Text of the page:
Teachers Helping Students Achieve Greatness!

Want to learn how to encourage achievement in your students?


By: Laura Smart

Can students achieve greatness on their own? Within Petty (2009) there are three pain principles to achieving greatness. 67% of the worst days for students were connected to setbacks that they felt were in their way (Fullan, 2013). Are these setbacks always the students fault? Greatness within this post refers to the students reaching their fullest potential.  The following three principles will explain how educators can assist their students in achieving and seeking greatness.

1. Achievement is reached through setting goals

Young people are expected to develop knowledge on current digital tools, learn by independently finding new information, having the ability to apply new learning to their life, and creating direction to their own learning through developing independence (Prensky, 2010). Check out Education Week Teacher’s article on setting successful goals. Setting individualized goals will assist learners in reaching success by developing self- initiative.

2. Achievement is gained through feedback

Feedback needs to be provided in multiple ways that the learner can receive constructive criticism and positive feedback on what they did well. Using tools such as the five listed on life hacker . Tools that could be used are screen-o-matic, Jing, Screnflow, Camtasia, and CamStudio. Educators can also look at informED  for tips on how to provide good feedback. Good Feedback gives students the confidence and success to develop their learning through a positive growth.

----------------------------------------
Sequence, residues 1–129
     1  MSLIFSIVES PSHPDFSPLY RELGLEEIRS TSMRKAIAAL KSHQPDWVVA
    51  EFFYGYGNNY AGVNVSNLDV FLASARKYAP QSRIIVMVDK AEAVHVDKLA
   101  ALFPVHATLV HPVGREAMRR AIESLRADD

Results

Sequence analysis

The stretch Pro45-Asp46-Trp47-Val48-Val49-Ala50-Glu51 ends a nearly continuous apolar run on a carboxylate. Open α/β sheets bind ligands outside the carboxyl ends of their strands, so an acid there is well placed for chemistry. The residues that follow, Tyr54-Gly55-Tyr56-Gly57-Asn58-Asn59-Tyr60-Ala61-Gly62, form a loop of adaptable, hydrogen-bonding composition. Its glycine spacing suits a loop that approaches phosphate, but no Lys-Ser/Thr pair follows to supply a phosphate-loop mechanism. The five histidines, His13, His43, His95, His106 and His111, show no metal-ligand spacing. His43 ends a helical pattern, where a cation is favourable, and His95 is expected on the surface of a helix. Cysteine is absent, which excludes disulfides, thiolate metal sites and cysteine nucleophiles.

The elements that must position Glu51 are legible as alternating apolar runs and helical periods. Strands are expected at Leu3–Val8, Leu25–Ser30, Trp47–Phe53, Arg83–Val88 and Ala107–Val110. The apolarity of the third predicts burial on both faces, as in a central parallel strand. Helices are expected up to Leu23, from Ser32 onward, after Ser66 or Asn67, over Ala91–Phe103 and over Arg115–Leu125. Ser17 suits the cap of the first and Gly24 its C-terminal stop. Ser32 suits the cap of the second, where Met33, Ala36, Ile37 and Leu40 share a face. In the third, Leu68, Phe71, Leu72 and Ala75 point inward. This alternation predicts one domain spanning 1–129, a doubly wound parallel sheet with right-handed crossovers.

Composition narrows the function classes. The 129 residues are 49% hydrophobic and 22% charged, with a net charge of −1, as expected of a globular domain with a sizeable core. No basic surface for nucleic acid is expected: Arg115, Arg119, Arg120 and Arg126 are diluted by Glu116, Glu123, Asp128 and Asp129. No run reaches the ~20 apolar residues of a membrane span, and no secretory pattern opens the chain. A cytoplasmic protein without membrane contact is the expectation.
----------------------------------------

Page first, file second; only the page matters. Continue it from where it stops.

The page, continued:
3. Reconceptualization of learning

The role of the teacher and students has changed drastically. The chart below shows the changes in the roles for both the teacher and student (Prensky, 2010):

Teachers New Role’s Students New Role’s
  • Asking the right questions
  • Act as a guide
  • Monitor students’ progress
  • Giving students guidance
  • Putting material in context
  • Explaining one-on one


  • Finding their passion
  • Using whatever technology is available
  • Researching and finding information
  • Answering questions and sharing their thoughts and opinions
  • Practising when properly motivated
  • Creating presentations
  • Applying their knowledge to help their society




Fullan, M (2013) Pedagogy and change: Essence as easy. In Stratosphere, p 17-32. Toronto. Ontario: Pearson

Petty, G. (2009).  John Hattie’s table of effect sizes.  In Evidence-based teaching (2nd Ed) (pp. 60-70).  Cheltenham, UK: Nelson Theories.

Prensky, M. (2010) Partnering. Teching digital natives. Partnering for real learning , 9-29. Thousand Oaks, CA” Corwin Press.



Author: laurasmartblog

K-12 educator, passion for 21 century digital tools, equity and special education, M.Ed student @uoitmed

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